Last week, I took my 3 year old swim suit shopping. When we got back with her new suit, she couldn’t wait to try it on. As soon as I finished helping her into it, I told her I wanted to take her picture to send to Daddy! She began dancing, making funny faces at my camera, and playfully spinning around. And then suddenly she stopped. She looked down at her swim suit, stuck out her tummy, rested her hands around it, and stared silently.
–For a moment, I couldn’t read her thoughts, and I panicked. Was she actually studying her stomach? Had she noticed me looking in the mirror with disappointment before?–
Finally, she looked up at me, and back at her belly before smiling and saying, “Awww! Look at this cute little belly!” And I breathed a sigh of relief. Immediately, my mind went to thinking about how to preserve her positive self image. When you’re three, complete strangers tell you you’re adorable, cute, and beautiful all the time. It’s sweet and wonderful and it makes my daughter smile (and usually nod in agreement!), but at the same time, as her mother, I am left thinking about all of the other beautiful qualities she has. I am left thinking about what her inner voice will tell her about herself as she grows older, at times when outside voices aren’t as kind. Of course I want her to feel confident in her body, but far beyond that, I want her self worth to be placed on more than the outside view of strangers.
As I began to think about how I can instill self worth and confidence in my daughter, it occurred to me that my actions are her best teacher- which is, admittedly, terrifying. I have always struggled with body image. Since I’ve had her little eyes and ears in my life, I have made an effort not to criticize myself in front of her, and I have tried to hide moments of insecurity about the way my mommy body looks in a swim suit, but the more I thought about it- the more I realized that wasn’t really enough.
The best I can do for her is to not just tolerate, but appreciate my body. My stomach has been stretched and there is absolutely evidence of that. The bags under my eyes are evidence of my toddler being comforted, anytime, day or night since the day she was born. My hips were widened to push a little human out of them, and have grown stronger because that little human has found rest on them for more than 3 years. My body is soft, but it has given life and sustained it. Bottom line: I am happy and healthy, (though it’s possible I do have too much ice cream in my life). Lyla won’t remember my dress size, but she will remember how I mothered her, and how I felt about myself while I was in the trenches.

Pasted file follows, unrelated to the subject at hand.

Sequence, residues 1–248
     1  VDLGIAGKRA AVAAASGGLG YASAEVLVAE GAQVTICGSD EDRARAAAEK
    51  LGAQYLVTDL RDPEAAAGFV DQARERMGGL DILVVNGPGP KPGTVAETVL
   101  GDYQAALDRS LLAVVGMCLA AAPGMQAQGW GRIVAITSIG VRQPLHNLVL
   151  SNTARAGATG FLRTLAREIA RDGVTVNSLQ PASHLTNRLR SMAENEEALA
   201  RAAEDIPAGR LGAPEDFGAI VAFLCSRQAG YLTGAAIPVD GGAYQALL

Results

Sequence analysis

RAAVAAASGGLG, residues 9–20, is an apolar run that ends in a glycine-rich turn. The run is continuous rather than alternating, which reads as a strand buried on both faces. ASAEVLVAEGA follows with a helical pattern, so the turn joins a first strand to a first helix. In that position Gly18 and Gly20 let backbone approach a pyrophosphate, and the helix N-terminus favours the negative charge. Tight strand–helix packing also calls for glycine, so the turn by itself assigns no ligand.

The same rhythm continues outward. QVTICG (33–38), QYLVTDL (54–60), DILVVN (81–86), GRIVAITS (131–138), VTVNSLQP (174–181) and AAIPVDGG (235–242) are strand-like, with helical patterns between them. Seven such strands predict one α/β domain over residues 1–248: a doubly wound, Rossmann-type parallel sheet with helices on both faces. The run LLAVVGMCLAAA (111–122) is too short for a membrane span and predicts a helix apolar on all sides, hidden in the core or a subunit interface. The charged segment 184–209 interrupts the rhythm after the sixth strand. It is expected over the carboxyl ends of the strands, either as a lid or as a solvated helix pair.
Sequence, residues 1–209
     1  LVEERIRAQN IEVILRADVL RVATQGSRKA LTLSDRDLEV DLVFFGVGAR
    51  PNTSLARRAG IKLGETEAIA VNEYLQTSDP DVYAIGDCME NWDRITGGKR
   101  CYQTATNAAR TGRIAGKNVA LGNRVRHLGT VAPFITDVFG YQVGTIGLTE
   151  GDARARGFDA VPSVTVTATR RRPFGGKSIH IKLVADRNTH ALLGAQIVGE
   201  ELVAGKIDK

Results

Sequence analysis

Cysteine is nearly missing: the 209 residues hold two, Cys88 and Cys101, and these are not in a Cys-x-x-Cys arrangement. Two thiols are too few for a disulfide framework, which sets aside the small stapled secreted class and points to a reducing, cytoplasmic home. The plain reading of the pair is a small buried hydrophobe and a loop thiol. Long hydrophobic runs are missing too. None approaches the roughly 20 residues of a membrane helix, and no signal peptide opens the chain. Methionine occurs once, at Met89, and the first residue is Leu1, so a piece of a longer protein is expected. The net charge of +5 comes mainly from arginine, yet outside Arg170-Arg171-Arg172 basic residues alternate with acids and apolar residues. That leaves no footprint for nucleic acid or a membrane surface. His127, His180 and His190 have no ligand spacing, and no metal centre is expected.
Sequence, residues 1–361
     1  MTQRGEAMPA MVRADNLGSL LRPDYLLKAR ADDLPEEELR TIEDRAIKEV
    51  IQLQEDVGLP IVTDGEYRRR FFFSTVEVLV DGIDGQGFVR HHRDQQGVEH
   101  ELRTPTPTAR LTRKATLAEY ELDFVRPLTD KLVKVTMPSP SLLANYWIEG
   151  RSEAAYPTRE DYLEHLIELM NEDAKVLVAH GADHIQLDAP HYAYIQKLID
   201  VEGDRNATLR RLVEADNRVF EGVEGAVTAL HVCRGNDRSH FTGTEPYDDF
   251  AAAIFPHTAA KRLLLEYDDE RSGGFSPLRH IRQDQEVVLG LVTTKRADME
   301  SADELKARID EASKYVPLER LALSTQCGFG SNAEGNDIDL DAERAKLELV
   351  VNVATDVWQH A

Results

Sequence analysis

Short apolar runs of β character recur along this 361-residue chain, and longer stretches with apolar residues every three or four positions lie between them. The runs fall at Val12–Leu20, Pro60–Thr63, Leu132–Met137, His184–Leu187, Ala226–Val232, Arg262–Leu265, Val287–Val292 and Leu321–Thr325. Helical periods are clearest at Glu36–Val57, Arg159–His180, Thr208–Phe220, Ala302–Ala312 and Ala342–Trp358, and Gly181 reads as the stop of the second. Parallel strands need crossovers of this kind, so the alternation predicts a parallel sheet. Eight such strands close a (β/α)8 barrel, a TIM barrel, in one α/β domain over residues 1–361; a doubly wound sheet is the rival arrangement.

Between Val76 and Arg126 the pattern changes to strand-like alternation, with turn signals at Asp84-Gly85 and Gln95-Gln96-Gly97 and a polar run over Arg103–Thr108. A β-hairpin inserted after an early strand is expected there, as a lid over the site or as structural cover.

Beyond that, I have made it a personal goal to talk less about my daughter’s physical attributes, and more about her beautiful soul. I hope she knows I think she is absolutely beautiful, but even more, I hope she knows how much I love her honesty, her silliness, her sweetness, and her absolutely wonderful spirit. I compliment her daily, but instead of using words like “cute” and “adorable”, I’m making an effort to use words like kind and gentle. I’m placing daily importance on the fruits of the spirit (love, joy, peace, forbearance, kindness, goodness, faithfulness, gentleness and self-control), and focusing on the condition of Lyla’s heart, because hers is honestly one of the kindest I have ever known, and I feel a strong conviction to protect it.
Moms, this summer, having a “swim suit ready body” is as simple as putting your swim suit on your body. Beyond that, for this upcoming season, my hope is that I can be a truly healthy example of a woman whose worth comes from inside. My hope is that I can acknowledge the wonderful qualities and actions I see in others in front of my daughter, and that my compliments to other mamas at play groups and Bible Study will go beyond “cute shoes”, all the way to the strength and heart of that mother. I hope my daughter internalizes the unconditional love I have for her- wholly and completely, from the inside out.